The Dirty Dozen is a 1967 blockbuster that foreshadows the challenge faced by the recent release of Marvel’s Black Panther. How can a film toe the company line while, at the same time, appear to push the cultural envelope?
Directed by Robert Aldrich and starring Lee Marvin, “The Dirty Dozen is a special-mission movie that takes the motley-band-of-antiheroes premise into dark territory,” writes Mark Harris in an essay for Film Comment called Cinema 67. These fictional anti-heroes were recruited for a suicide mission to execute German brass. Rapists and murderers, they were sentenced to either hard labor or the death penalty, a plot detail offensive to both viewers and potential cast members, according to Harris. John Wayne as well as Jack Palance passed on roles for that reason.
Aldrich ended up hiring Charles Bronson, Telly Savalas, John Cassavetes, and Cleveland Browns running back Jim Brown, among others. “Notably, (Brown is) the only member of the “dirty dozen” who is revealed as essentially innocent, in a piece of dialogue in which he explains that he was convicted for fighting back against some “cracker bastards” who were trying to castrate him,” Harris continues.
“You had considerable justification,” Marvin tells Brown and, also, presumably, the audience.
Critics of the day were shocked by the high level of violence. Pauline Kael of the New Yorker writes, ““I think that the violence in The Dirty Dozen, … should…be legally defensible, however morally questionable.” With the passage of time, however, the violence pales in significance, but two other facts stand out in stark contrast.
First, no black movie hero had ever been allowed to kill as large a number of whites as Brown did when he lobs grenades at German officers, causing a conflagration reminiscent of napalm use in Vietnam. Second, as part of his filmic arc, Brown goes through all the stations of the cross of the Token Black Character.
Hazed by the obligatory racist, played by Cassavetes? Check. Killed the creep, played by Savalas, who abused a German woman, even though said creep is on his side? Check. Wins over his at-first doubtful colleagues with Magic Negro derring-do under fire? Check, check and check.
It’s nearly impossible for a modern viewer to grok just how jarring a black man working toward a common goal in equality with white characters would have seemed to audiences of that period. One textual purpose of the Token Black Character was to create precisely that audience shock, to demonstrate and model what “progress” had been made, and, of course, to a lesser degree, to monetize black moviegoers by giving them someone to whom they could relate, while avoiding making race the center of the narrative.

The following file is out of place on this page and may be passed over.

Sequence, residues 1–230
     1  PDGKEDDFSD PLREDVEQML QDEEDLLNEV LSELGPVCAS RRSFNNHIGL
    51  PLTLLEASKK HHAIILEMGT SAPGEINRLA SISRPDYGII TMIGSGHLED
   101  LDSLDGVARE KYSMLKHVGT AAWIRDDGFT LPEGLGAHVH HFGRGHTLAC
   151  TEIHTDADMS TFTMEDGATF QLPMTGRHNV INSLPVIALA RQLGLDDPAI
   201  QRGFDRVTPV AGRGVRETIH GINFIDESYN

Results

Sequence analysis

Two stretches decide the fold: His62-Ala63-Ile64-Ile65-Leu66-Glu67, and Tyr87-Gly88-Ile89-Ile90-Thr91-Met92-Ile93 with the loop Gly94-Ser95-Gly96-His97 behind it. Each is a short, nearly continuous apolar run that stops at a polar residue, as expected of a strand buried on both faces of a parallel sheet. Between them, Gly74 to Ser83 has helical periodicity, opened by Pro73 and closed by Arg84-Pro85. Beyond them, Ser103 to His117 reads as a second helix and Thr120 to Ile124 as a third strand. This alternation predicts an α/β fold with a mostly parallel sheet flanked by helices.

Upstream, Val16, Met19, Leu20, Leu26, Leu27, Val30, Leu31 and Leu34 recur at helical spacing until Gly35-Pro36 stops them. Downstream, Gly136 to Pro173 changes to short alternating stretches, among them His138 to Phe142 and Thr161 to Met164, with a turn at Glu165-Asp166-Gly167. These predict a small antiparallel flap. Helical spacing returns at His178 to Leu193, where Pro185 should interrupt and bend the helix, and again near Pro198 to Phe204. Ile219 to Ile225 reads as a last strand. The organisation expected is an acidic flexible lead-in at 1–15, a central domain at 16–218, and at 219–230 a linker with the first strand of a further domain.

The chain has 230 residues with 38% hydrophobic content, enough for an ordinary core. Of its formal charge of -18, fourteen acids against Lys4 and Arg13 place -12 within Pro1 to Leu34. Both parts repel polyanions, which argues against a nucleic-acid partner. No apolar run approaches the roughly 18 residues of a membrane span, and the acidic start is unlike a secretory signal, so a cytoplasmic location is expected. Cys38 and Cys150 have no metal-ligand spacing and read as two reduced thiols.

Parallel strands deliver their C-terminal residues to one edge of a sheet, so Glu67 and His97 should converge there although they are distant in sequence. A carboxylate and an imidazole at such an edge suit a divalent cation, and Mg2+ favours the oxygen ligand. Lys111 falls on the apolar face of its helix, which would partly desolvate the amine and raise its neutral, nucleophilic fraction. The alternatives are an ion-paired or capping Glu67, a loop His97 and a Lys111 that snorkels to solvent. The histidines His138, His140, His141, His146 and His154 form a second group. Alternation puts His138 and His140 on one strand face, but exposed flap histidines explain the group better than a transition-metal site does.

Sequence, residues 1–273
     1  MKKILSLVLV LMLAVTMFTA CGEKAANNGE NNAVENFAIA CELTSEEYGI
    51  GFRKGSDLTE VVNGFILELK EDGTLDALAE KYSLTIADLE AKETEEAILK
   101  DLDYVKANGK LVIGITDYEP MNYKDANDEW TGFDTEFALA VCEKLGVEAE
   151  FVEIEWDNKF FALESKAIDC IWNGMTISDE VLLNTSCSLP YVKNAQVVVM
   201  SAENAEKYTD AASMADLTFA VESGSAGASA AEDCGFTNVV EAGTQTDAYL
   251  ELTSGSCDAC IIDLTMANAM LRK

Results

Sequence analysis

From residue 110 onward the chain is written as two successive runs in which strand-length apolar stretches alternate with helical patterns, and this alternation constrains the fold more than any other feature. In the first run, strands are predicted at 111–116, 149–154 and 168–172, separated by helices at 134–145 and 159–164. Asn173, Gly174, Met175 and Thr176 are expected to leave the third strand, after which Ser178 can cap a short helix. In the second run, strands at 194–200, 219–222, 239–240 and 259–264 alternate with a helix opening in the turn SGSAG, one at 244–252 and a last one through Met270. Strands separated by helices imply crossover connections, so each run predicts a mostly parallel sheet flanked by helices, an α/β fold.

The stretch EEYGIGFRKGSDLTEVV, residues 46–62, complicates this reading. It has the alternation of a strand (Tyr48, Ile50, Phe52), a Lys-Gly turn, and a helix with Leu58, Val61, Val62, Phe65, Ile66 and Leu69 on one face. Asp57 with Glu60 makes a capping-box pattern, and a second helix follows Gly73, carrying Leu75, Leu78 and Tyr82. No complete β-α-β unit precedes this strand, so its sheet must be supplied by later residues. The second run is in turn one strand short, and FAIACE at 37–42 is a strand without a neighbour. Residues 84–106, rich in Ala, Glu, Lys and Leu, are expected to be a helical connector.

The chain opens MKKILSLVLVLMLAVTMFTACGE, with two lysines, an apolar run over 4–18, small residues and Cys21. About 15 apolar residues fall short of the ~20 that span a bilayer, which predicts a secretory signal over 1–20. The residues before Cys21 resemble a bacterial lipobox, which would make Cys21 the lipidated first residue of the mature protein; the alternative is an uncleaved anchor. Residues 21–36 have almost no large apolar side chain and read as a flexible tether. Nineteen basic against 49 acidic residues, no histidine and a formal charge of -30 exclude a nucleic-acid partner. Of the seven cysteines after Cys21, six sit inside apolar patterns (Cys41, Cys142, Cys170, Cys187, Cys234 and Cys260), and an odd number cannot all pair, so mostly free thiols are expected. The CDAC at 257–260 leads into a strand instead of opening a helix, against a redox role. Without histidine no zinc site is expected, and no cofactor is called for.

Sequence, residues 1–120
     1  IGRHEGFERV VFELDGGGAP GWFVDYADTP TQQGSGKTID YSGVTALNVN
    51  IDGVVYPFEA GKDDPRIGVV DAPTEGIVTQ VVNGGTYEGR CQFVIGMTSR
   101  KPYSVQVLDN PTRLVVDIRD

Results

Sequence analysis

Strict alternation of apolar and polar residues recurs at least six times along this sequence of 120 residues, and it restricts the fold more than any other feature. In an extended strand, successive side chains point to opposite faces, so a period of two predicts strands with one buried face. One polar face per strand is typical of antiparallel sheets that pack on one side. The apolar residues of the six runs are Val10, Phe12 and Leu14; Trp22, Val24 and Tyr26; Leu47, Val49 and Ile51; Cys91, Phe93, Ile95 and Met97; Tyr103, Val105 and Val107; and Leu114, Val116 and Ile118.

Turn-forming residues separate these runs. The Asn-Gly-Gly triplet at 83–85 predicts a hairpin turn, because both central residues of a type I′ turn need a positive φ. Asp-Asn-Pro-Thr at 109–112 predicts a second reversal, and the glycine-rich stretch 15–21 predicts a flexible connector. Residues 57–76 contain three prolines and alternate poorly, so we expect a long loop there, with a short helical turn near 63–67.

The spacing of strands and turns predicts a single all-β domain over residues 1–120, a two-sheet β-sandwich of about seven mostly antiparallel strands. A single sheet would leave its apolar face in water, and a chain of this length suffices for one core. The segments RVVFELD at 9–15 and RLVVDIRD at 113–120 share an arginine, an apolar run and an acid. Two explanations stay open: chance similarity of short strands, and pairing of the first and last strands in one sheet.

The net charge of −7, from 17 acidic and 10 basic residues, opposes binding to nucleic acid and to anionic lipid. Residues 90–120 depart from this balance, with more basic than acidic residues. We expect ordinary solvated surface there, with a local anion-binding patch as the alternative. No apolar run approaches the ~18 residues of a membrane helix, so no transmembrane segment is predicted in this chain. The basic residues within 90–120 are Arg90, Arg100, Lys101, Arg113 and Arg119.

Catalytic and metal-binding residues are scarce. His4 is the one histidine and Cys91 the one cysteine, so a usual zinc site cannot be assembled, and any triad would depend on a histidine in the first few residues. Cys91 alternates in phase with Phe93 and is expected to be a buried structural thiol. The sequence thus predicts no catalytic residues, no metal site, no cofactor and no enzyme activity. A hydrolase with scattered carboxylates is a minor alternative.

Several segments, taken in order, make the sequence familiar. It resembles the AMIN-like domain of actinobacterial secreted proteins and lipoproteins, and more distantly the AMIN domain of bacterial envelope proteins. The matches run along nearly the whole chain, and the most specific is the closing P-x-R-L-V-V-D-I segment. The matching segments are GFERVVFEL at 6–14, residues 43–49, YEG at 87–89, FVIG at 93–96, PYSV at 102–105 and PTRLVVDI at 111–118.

However, like a tax charged for daring to dream of freedom, thus upsetting The Way Things Are, Token Black Characters always die first.
I should define here what I mean by the term token. Merriam-Webster defines tokenism as “the policy or practice of only making a symbolic effort.” Wikipedia’s entry reads, “Writers also use the token character to pay lip service to the rules … by including a token ethnic-minority character who has no narrative function in the plot.” That is not the sense in which I use the term.
Rather, I consider Brown a token because his mere existence onscreen was a dire threat to the values of expected audiences for a World War II epic circa 1967; and also because, at that time and in that place, he represented the upper possibility space of human potential. Compared to his sedentary cinematic peers, he was a man of uncommon beauty and formidable physical power. Every second he’s on screen, it’s clear that, in reality, he could, at will, defeat his fellow characters as well as most audience members in close quarters combat.
When I was a kid, The Dirty Dozen was standard fare during holiday family gatherings. Brown’s fatal attempt to outrun the German machine guns would always get big laughs from us. We’d cheer him on, yelling, “Make it Jim, make it, make it, make it,” while his white comrades furrowed their brows and tried to look hopeful.
And each time we watched it, Brown would get murked. But we cheered anyway, though we knew he was just going to do the bullet ballet once again. Maybe it was gallows humor. Maybe we knew he had been a track star in college and was one of the best running backs of his generation. Either way, watching him fail at something at which he was stellar seemed so fake as to be funny.
No matter why we laughed, from an esoteric perspective, his athletic provenance made his eventual demise all the more effective as a warning to black people who dare ask too much of this world. Sure, in reality, Brown might slip past defenders on the gridiron with deceptive ease. But in cinematic reality, blacks who dared attempt what he did always got killed.
The Black Dude Who Dies First is such a traditional element in American horror movies of the 70s and 80s that there are numerous studies dedicated to the trope. But the phenomenon was not limited to the horror genre. Early in his career, Dennis Haysbert was the first to die twice. Once, in the Al Pacino, Robert DeNiro actioner Heat, and then again in the Charlie Sheen vehicle, Navy Seals. This was long before he became famous as the black president on the television series 24. In Clint Eastwood’s Unforgiven, Morgan Freeman was the first to go. Jim Kelly was number one to get his ticket punched in Enter The Dragon. Stanley Kubrick’s Full Metal Jacket saw Dorian Harewood get KIA before anyone else. And let’s not forget Aliens, in which Ricco Frost is the marine who goes up in flames.